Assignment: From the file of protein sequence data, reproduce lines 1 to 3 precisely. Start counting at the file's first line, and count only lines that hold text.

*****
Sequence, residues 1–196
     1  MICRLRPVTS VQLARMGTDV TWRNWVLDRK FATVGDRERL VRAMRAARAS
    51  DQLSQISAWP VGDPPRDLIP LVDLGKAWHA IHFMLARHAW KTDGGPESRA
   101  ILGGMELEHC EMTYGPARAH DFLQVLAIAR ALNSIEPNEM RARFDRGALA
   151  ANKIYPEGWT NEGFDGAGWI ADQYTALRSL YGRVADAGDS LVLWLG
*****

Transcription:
Sequence, residues 1–196
     1  MICRLRPVTS VQLARMGTDV TWRNWVLDRK FATVGDRERL VRAMRAARAS
    51  DQLSQISAWP VGDPPRDLIP LVDLGKAWHA IHFMLARHAW KTDGGPESRA